In the world of metals fabricating, processing thin materials can pose a challenge – with heat input being one of the main assailants to material composition and integrity. Medical component manufacturers that produce stainless steel stents know this challenge well. Compared to traditional metal fabricators that process material measuring in millimeters or fractions of an inch, medical stent manufacturers often deal with wall thicknesses measured in microns.
So imagine the challenge posed to those manufacturers that create the smallest of electrical components, like the resistors found in everything from TVs and laptops to toasters and the lights illuminating city streets. These components fall under two categories: thin and thick film. Those made of a thin film are often used in the most critical of components and are measured in angstroms, which is literally the measurement of layers of atoms.
In recent years, fiber technology has advanced to the point where the laser beam can be tuned and modified to reduce heat input, giving traditional metal fabricators a better cut outcome. For those fabricators that work with thin film, however, traditional fiber lasers even when modified can still input a detrimental amount of heat. Fortunately, a laser technology is available for these critical applications, one that incorporates a thin stream of water to keep heat input low and processing quality high.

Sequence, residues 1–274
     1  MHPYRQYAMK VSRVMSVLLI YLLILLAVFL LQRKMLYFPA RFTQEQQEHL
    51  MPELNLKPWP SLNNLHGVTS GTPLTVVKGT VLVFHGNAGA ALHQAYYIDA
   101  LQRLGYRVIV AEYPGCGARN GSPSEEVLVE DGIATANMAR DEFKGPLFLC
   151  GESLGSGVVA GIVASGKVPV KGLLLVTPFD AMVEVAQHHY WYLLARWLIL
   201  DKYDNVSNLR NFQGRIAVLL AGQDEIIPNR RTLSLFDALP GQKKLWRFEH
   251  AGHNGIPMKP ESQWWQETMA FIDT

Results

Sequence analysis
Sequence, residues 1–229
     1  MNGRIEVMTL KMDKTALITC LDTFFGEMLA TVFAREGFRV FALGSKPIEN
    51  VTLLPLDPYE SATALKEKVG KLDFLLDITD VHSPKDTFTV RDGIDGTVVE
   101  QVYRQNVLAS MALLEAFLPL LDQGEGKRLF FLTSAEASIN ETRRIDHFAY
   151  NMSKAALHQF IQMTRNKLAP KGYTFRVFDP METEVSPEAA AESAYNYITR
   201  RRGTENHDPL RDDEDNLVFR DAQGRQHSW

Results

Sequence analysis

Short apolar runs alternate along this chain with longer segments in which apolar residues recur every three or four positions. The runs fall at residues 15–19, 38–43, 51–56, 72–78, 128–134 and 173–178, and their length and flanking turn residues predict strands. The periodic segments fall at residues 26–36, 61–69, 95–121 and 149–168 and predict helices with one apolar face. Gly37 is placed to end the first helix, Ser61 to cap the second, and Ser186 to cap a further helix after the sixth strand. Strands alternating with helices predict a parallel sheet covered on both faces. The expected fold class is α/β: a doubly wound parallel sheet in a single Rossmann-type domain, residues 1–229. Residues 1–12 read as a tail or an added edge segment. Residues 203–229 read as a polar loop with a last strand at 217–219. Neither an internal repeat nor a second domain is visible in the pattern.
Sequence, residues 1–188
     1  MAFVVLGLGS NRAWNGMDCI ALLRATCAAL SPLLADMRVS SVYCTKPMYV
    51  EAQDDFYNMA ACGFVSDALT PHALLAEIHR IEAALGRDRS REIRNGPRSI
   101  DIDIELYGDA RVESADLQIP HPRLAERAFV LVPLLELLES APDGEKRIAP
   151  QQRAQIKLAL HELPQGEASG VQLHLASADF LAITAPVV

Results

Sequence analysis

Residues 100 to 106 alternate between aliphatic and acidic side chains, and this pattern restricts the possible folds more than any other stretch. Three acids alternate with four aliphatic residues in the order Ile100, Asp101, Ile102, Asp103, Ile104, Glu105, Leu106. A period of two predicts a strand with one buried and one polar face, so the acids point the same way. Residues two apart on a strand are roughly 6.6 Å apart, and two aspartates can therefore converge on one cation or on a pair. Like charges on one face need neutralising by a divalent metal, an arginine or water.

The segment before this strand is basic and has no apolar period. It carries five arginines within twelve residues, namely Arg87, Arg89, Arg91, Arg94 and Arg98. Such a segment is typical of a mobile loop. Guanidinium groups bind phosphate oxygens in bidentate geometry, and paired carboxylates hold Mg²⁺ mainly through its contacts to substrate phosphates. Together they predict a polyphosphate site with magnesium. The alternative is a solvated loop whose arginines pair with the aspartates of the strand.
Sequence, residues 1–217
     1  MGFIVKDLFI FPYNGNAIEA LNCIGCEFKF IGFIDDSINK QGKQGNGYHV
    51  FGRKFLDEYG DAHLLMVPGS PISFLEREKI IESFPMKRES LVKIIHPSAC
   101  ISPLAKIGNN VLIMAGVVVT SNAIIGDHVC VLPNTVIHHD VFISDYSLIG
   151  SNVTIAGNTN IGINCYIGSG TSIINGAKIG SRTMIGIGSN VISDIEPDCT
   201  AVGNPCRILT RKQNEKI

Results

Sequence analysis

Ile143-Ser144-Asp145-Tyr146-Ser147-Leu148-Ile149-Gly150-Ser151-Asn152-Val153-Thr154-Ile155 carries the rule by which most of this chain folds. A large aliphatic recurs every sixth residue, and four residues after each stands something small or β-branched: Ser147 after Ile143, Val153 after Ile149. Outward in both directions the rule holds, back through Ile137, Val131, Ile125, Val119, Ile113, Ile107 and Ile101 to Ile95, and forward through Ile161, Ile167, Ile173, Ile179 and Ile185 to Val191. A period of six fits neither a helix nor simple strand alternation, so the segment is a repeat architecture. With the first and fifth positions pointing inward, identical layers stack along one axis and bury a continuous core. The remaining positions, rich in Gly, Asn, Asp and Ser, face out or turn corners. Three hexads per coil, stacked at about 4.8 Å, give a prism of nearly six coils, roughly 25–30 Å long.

The revolutionary Laser MicroJet process from Synova S.A. was developed in the 1990s by Dr. Bernold Richerzhagen, the company’s founder and CEO. The process combines a fiber laser with a hair-thin stream of water and was introduced to overcome thermal damage, contamination, deformation, debris deposition, oxidation, micro-cracks and tapering in thin materials. By combining an otherwise “dry” laser with a thin jet of water – which essentially mimics a traditional laser beam’s optical cables – the water is able to cool the cutting zone while simultaneously removing material debris.